Torsten N. Wiesel's speech at the Nobel Banquet, December 10, 1981
Your Majesties, Your Royal Highnesses,
Ladies and Gentlemen,
It is a privilege and pleasure to speak on behalf of the three laureates in Physiology or Medicine, Roger Sperry, David Hubel, and myself. We wish to express our deep gratitude to all concerned for the very high honor you have bestowed upon us.
A colleague at Harvard sent me a note of congratulations with a quotation from Dante's Inferno which in translation reads "and turning our stern to the morning we made of our oars, wings for the mad flight." - It states beautifully our dream as scientists, a dream only rarely realized. Perhaps it is more accurate to compare a scientist's life with the fate of Sisyphus, the shrewd and greedy king of Corinth, except that we feel blessed, not doomed, in our labors, - and our greed is for discovery, not for power and wealth. Today, of course, the quotation from Dante seems most appropriate since we were literally winged to this beautiful city as a result of our labors.
Many people wonder if it is ever going to be possible to have a complete understanding of the brain, this enormously complex and powerful organ. Can the brain really understand itself? Many students may assume that there are no limits to the depth we can probe into the mysteries of the brain, but still they hesitate to say that all the richness of human behavior and culture can be explained in biological and physical terms. Others may have less respect for the wonders of the brain and believe that computers will do better by the year 2000. In our quest to discover how the brain works we can easily find social and medical benefits in new knowledge, but can we see any dangers in the future? Most of us are probably not concerned at present, but I was taken aback the other day as I was asked "When will you be able to control human behavior?" My immediate answer was "Never, I hope."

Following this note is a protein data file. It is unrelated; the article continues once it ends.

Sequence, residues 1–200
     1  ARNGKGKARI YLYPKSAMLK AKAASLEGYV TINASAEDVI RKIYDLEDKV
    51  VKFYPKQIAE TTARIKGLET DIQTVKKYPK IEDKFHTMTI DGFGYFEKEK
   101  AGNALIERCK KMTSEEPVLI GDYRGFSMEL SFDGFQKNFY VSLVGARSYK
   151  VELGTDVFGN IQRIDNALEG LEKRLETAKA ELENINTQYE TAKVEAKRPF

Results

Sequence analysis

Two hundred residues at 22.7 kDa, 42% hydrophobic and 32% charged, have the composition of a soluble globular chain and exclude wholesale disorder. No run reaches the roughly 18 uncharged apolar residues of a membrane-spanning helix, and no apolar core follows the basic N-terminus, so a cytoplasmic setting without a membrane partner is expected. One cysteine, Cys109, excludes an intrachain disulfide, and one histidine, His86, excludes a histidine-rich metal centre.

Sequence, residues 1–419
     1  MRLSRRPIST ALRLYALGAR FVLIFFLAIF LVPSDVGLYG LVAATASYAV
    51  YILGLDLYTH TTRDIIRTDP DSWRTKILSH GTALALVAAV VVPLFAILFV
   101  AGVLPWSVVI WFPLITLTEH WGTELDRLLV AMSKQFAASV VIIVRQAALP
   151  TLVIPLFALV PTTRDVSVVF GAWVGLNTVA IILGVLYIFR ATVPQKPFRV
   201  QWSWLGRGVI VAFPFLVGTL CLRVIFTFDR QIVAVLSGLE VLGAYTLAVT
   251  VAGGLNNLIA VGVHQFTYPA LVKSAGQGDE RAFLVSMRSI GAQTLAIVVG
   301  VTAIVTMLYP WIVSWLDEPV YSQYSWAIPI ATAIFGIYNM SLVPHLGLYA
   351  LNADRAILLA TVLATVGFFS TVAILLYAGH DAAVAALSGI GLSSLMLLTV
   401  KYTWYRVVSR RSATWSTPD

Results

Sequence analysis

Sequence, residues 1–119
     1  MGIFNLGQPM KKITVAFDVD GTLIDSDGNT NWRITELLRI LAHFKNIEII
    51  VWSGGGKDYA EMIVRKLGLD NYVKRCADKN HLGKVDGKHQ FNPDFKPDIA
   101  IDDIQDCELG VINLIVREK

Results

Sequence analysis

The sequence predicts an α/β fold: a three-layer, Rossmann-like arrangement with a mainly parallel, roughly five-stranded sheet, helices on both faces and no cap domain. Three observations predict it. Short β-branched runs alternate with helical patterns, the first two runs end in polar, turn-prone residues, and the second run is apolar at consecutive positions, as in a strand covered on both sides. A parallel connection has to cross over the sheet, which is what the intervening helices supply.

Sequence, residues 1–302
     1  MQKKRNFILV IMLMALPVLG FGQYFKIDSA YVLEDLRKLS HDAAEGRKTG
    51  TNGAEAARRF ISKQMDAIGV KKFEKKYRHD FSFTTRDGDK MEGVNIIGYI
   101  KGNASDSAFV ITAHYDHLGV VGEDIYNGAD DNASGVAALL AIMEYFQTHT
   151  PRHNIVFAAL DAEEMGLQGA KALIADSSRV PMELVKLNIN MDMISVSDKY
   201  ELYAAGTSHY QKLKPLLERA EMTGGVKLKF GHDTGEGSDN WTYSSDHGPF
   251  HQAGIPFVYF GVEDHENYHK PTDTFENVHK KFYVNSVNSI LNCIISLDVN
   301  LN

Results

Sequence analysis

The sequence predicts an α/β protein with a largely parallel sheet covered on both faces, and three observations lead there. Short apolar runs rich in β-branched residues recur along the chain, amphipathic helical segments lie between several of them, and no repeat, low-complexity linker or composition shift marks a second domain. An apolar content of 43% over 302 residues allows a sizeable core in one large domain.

Freedom of the mind has been threatened through history and today is no exception. I can not think of a greater symbol of human resistance and courage than our Nobel laureate colleague Andrei Sakharov.
Tonight in this festive hall let us have
hope for the future, and let us celebrate, on this Day of Human
Rights, the freedom of thought and the pursuit of truth.
From Les Prix Nobel. The Nobel Prizes 1981, Editor Wilhelm Odelberg, [Nobel Foundation], Stockholm, 1982
Copyright © The Nobel Foundation 1981
Try to save some patients and learn about human blood types!
All you want to know about the Medicine Prize!
Read more about the Medicine Prize during the past century